Titans forward Paul Carter has been hit with a hefty fine and suspension after he was charged with drink driving in Surfers Paradise earlier this week.
The rookie was yesterday handed a $12,000 fine of which $6000 will be suspended for 12 months. The immediate $6000 fine will be paid to a charity of his choice.
He was also slapped with a two match suspension, resulting in a further $6000 in forfeited match payments.
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As part of the penalties handed down by the NRL integrity unit, he will also have to complete an alcohol management course and a traffic offenders course.
Carter was stopped by police after driving the wrong way down Orchid Avenue in Surfers Paradise on Thursday morning.
He was later charged with high-range drinking driving after allegedly recording a blood alcohol reading of over four times the legal limit.
In a statement, Carter apologised for his actions, saying what he did was wrong and potentially dangerous.
“I just want to apologise to my family, friends, teammates, coaching staff, management and our supporters for letting them down and for the embarrassment I have caused.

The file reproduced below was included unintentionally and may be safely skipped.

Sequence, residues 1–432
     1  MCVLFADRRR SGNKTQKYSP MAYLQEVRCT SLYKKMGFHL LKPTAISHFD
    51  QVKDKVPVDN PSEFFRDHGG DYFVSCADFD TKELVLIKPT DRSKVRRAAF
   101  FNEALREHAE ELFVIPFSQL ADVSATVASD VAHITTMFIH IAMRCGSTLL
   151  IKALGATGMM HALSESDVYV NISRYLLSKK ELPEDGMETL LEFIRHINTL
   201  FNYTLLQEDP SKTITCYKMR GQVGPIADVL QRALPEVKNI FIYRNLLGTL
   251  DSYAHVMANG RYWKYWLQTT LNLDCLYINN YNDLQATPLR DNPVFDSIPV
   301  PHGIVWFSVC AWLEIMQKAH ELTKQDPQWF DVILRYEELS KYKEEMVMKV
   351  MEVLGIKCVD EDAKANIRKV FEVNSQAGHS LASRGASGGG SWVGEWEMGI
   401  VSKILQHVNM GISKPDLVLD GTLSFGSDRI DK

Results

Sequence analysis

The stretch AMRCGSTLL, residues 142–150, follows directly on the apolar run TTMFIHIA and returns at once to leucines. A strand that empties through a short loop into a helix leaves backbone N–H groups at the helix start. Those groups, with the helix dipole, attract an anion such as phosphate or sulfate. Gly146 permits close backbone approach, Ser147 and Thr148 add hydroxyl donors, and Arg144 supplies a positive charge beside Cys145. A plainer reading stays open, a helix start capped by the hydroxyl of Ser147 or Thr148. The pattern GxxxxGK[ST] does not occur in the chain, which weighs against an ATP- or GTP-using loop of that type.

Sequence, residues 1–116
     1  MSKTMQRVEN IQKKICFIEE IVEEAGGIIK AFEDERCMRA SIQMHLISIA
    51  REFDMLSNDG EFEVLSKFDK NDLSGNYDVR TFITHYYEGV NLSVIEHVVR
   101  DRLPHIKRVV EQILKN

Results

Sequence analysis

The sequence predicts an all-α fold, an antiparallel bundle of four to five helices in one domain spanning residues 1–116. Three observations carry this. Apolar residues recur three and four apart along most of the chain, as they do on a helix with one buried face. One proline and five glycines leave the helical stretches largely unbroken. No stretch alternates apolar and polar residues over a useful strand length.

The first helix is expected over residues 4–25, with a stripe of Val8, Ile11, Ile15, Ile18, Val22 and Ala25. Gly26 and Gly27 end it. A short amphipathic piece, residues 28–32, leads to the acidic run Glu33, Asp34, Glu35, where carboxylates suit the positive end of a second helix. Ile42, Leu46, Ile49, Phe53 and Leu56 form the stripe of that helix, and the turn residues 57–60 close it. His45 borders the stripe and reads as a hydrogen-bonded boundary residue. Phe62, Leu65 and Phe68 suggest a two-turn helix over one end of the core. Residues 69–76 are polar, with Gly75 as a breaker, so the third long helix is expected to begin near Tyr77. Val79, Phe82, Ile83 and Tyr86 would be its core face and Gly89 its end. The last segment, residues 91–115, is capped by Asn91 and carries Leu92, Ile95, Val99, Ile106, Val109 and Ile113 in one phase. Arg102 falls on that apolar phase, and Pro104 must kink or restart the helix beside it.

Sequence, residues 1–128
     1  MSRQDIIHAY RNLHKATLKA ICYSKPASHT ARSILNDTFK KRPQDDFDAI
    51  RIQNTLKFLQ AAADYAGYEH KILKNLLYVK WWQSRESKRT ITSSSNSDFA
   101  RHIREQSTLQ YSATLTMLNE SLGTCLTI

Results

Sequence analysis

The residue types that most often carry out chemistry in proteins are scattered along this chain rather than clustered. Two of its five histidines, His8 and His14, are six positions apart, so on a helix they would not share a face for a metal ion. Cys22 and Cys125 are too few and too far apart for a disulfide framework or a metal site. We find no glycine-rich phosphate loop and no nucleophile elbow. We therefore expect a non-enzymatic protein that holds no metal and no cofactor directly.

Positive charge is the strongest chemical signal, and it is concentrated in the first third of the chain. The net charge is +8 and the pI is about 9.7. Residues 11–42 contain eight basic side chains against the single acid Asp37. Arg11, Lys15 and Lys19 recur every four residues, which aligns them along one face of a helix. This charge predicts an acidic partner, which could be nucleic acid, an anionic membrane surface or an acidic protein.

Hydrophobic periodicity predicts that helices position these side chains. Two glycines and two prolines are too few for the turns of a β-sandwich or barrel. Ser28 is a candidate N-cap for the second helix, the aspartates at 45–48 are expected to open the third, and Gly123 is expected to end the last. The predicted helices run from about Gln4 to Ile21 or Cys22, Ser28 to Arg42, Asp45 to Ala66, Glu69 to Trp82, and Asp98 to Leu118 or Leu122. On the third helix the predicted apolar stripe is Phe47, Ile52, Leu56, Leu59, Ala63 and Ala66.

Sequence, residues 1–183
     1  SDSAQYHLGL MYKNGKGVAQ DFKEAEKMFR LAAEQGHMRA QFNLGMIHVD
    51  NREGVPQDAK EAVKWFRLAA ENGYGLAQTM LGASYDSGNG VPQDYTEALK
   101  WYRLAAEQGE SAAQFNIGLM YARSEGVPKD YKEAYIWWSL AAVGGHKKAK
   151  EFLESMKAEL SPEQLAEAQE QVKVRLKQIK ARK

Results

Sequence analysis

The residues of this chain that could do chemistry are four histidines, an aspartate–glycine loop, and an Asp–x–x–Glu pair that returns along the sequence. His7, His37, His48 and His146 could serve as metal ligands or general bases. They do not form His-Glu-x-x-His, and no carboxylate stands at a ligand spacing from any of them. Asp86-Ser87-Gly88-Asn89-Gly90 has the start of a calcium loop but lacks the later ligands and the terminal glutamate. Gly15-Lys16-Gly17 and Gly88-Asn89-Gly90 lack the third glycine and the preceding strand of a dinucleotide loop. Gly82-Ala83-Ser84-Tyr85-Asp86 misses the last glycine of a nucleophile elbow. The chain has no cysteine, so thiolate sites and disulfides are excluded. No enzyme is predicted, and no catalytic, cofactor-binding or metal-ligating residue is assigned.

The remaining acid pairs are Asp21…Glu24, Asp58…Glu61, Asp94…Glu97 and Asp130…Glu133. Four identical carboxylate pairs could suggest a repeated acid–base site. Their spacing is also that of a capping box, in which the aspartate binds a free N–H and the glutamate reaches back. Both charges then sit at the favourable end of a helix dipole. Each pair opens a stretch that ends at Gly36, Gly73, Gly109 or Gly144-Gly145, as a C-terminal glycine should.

“I was moving my car from outside a restaurant to a nearby overnight secure car park. But it was a mistake getting behind the wheel in the first place, which could’ve put people’s lives in danger and for that I am deeply sorry.
“I know the Titans is a club that works very hard on its role within the community, I am very sorry if I have damaged that reputation.
“I made a terrible mistake that I aim to learn from and never repeat. I very much appreciate the support and advice I have received since the incident from teammates, coaches and management here at the Titans, also my family and friends.
“I hope I can repay them by learning from this mistake and moving forward as a better person.”
Titans CEO Graham Annesley acknowledged the last 24 hours has been a difficult time for Paul emotionally and could not have come at a worse time for the club.
“However we treat these matters very seriously. Discipline on the field requires similar discipline off the field and the club’s response is a clear indication of that,” said Annesley.
“But on a positive note it’s pleasing to see that Paul has accepted full responsibility and the punishment that goes with it.
“Our job as a club is not just to hand out penalties when players do the wrong thing, but also to help them rehabilitate and turn them into better people. Hopefully Paul will benefit in the long term from the club’s tough stance.”